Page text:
A convent is inherently a creepy place, at least on screen. While not every film has opted to make this kind of location a central hub for scares, the potential for, at the minimum, unsettling images, is there for the taking. So, it’s no surprise that something like Consecration decides to lean into that, even while telling a story that’s not purely meant to be frightening. The mixture of genres serves the movie well, lending some heft to something that’s not thin, but definitely is floating about through a number of different elements. It doesn’t all work, but more of it does than not.
Consecration is a mix of horror, mystery, and thriller, bouncing from one to the next, sometimes within the same scene. It’s clearly genre work, but with a desire not to get pegged down as any one thing. It ends up being closer to horror than anything else, but it does lean in to the mystery elements, at least early on.
Grace (Jena Malone) is a woman of science, in stark contrast to her estranged brother Michael (Steffan Cennydd), who is a priest. When she gets word that he has allegedly committed suicide, she doesn’t buy it. So, Grace travels to the remote Scottish convent where he fell to his death, suspecting that more is at play. Greeted coldly by the nuns, it only fuels her logical fire that something is being covered up.
The more that she looks into things, the stranger things get for Grace. She’s having visions, while more violence is following her. As she discovers more about Michael’s time at the convent, Father Romero (Danny Huston) attempts to help, though the nuns appear less excited for that. It all builds to something that could have come off as silly, if not for the earnestness on display.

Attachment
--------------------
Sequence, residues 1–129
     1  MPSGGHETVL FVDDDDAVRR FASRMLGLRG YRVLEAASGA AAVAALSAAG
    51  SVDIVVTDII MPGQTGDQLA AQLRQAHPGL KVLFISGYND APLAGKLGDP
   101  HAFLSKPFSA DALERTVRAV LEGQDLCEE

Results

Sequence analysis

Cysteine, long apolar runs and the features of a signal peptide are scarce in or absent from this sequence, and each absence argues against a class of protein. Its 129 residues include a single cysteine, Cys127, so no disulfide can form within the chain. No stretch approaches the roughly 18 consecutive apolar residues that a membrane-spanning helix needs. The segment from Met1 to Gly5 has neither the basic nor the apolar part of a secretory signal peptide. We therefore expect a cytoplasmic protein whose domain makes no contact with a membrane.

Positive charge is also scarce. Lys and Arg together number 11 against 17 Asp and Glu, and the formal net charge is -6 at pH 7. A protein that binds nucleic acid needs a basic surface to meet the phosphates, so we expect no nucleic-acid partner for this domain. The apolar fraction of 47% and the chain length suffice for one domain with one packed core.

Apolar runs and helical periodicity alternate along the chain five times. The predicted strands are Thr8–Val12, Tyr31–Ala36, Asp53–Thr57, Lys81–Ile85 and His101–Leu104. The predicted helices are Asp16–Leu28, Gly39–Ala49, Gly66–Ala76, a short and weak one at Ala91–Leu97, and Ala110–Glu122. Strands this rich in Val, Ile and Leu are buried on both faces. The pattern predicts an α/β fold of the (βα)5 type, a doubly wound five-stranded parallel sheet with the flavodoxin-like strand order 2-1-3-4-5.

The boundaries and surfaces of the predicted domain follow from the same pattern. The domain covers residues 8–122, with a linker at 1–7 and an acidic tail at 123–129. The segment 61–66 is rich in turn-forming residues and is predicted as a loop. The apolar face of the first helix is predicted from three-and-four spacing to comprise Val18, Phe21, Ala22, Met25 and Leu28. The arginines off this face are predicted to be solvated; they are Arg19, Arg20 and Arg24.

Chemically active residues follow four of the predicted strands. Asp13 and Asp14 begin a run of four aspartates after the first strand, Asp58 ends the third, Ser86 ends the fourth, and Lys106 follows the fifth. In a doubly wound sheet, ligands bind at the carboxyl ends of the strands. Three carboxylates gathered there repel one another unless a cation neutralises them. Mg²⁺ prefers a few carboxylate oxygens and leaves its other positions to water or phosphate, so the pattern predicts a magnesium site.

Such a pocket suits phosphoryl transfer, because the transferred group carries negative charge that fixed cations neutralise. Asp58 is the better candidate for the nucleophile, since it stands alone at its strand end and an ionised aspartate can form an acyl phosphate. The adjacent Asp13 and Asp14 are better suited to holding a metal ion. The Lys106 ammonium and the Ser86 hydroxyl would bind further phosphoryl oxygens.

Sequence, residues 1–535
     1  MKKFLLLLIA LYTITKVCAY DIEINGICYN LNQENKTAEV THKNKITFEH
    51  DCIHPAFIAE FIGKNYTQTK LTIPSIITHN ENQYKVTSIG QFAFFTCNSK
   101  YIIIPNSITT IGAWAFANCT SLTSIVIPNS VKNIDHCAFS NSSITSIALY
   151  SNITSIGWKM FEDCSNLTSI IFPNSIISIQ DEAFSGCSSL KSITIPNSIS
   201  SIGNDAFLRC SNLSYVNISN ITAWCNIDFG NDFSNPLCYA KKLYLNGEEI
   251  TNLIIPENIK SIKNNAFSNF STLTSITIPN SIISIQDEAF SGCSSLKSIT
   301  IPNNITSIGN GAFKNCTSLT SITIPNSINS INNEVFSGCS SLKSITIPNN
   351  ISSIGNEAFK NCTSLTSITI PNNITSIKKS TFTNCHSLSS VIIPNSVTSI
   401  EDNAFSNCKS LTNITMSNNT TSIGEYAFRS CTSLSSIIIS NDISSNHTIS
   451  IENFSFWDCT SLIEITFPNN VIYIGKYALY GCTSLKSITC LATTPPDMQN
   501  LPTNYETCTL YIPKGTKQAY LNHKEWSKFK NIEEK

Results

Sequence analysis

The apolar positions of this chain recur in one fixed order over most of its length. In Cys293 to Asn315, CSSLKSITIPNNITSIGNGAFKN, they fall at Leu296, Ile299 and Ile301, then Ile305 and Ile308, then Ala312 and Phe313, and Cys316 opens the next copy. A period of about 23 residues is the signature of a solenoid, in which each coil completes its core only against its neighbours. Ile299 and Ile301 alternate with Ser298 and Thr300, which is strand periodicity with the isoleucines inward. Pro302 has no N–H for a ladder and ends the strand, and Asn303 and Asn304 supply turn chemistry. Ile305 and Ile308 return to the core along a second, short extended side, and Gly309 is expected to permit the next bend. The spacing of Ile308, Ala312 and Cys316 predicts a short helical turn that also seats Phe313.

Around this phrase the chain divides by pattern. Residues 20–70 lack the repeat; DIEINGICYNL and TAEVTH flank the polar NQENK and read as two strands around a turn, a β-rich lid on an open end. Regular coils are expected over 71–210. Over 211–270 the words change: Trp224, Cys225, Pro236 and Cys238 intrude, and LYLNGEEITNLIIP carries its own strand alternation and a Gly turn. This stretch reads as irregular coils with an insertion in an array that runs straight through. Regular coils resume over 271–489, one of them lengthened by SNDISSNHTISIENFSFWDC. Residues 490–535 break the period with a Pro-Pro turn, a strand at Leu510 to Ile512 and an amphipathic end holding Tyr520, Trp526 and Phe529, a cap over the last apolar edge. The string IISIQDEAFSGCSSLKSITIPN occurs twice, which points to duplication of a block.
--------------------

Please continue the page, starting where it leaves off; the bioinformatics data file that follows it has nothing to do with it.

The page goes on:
Jena Malone does reliably good work here, aided by a solid supporting turn from Danny Huston. Malone is in nearly every scene, doing an accent, and really lets you in to her inner turmoil. As for Huston, he keeps his cards close to the vest, resisting the urge to go big. Malone is best in show, but both are good. In addition to Steffan Cennydd, supporting players here include Thoren Ferguson, Ian Pirie, Janet Suzman, and more.
Co-writer/director Christopher Smith, along with co-writer Laurie Cook, spends as much time with the mystery and thriller elements as they do with the horror ones. They arguably overstuff Consecration a bit with ideas they can’t fully develop, but it’s definitely in service of a story that has room for more. Making sure everyone plays it straight and seriousness also works in its favor, as things easily could have gotten silly. Smith could have paced things a little bit tighter, but once the climax arrives, things happen fast and furious.
Consecration has enough here that works in order to warrant a light recommendation. It’s perhaps more of a mystery than a horror flick, but the mixture holds appeal for fans of both genres. Provided that you keep your expectations in check, outside of Malone’s turn, you’re likely to be at least moderately compelled by this one.